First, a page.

The piece 13 of the surface that is displaced in the direction of the intermediate section 4.3 in the deformation of the peripheral strap 11 assists in the even, gentle deformation of that strap.
FIG. 3 shows the part of the surface 1 from FIG. 2 in the fully expanded condition. The joining strap 6 now extends totally in the circumferential direction. The internal partition line 3.3 is opened relatively evenly over its whole extent, so that the deformation is similarly spread relatively evenly over the whole peripheral strap 11. No inadmissibly high tensions occur, especially at the end points 14.1 and 14.2 of the internal partition line 3.3 in the second section 4.2, which have particular notch sensitivity.
FIG. 4 is a diagram showing the mode of operation of the stretching elements 9 when the whole stent is kinked in a plane parallel to that of the drawing, with the longitudinal axis of the stent located behind the plane of the drawing. The stretching straps 9.1 and 9.2 can first be drawn axially apart in the longitudinal direction of the stent. According to the buckling angle the strap 9.1 is then stretched still further while the strap 9.2 is compressed again. It is also possible, however, for the straps 9.1 and 9.2 merely to be stretched longitudinally to different degrees from the outset.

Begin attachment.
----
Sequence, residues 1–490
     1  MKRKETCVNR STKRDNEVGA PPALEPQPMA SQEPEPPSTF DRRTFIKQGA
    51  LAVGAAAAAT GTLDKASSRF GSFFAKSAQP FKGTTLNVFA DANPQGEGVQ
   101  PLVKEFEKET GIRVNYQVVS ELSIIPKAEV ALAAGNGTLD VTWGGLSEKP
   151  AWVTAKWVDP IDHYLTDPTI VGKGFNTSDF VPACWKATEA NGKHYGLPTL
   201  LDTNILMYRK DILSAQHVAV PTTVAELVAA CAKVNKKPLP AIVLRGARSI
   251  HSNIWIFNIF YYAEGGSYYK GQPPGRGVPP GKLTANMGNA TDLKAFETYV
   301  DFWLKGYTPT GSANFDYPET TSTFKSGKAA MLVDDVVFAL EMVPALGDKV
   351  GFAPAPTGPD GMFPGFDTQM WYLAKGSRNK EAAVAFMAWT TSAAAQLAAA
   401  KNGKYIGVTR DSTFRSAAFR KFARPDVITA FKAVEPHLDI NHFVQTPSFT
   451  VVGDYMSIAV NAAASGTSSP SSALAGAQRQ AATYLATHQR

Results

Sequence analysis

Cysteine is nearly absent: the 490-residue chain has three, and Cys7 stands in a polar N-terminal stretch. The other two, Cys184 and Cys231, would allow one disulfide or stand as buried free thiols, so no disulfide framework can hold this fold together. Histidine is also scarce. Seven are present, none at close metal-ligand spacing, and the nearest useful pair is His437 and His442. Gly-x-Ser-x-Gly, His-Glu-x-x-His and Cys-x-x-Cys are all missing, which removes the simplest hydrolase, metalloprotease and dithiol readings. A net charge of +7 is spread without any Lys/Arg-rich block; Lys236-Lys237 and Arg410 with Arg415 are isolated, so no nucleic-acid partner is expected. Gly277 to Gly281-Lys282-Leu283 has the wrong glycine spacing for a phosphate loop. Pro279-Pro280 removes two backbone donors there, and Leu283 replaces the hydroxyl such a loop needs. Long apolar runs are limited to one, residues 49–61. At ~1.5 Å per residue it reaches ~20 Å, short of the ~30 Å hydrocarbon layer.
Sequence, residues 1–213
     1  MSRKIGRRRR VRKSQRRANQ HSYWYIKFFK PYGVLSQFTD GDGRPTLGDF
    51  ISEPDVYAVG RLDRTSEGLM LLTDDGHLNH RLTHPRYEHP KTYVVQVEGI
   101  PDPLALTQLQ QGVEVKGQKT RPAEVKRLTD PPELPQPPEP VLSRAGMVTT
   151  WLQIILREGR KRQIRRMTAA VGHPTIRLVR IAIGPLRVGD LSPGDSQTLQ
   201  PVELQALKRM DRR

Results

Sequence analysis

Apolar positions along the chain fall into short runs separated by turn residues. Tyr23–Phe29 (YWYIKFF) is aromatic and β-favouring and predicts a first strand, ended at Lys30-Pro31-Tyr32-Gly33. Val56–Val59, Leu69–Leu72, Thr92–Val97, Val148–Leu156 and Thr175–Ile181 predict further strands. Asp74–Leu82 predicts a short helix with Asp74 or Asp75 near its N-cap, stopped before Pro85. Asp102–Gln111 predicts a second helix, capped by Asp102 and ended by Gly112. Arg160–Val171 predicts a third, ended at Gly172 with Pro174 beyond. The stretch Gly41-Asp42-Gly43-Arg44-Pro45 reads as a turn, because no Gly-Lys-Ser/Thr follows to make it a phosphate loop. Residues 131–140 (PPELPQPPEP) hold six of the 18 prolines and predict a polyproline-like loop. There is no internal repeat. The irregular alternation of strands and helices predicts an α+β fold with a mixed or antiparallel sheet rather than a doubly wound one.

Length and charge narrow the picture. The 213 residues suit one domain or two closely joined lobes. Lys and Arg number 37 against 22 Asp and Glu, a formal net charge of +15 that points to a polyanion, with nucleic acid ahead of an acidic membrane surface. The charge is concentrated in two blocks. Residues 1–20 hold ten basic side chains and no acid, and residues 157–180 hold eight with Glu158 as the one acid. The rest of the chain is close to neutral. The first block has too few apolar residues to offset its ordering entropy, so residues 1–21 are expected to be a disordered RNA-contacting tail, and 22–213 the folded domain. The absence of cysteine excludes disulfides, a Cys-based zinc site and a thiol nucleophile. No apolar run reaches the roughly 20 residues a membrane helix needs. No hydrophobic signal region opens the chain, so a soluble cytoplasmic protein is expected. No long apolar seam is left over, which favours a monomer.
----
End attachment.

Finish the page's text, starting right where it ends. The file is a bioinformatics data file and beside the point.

FIG. 5 shows the generated surface 1 from FIG. 1 in the non-expanded condition of the stent. The tubular body 2 has a closed surface 1 divided by partition lines 3 into expandable elements 4, joining straps 6 and attachments 8. The stretching elements 9 are arranged to form a closed annular region 15. The expandable elements 4 juxtaposed in the circumferential direction likewise form closed annular regions 16.1, 16.2.
FIG. 6 shows a part of the surface of a further embodiment of the stent according to the invention, on a larger scale. The end points 14.1, 14.2, 17, 18 of all the partition lines 3 have widened and rounded portions, to reduce the notch tension sensitivity of the components in those positions. The drop shape was produced by reducing the advancing speed of the laser beam used to make the partition lines evenly to a standstill as it approached the end point of a partition line, so that the incision became wider and wider and was finally rounded off at the end point.
FIG. 7 shows another preferred example of the development of the surface of a non-expanded stent according to the invention. In this embodiment the expandable elements 4″″ and other components of the stent have substantially the same features and properties as in the embodiments described above. Only the external contour 7″″ of the expandable elements 4″″ differs, in having a very rounded shape, leading to further improvement in introduction of force and distribution of deformation through the expandable elements 4″″.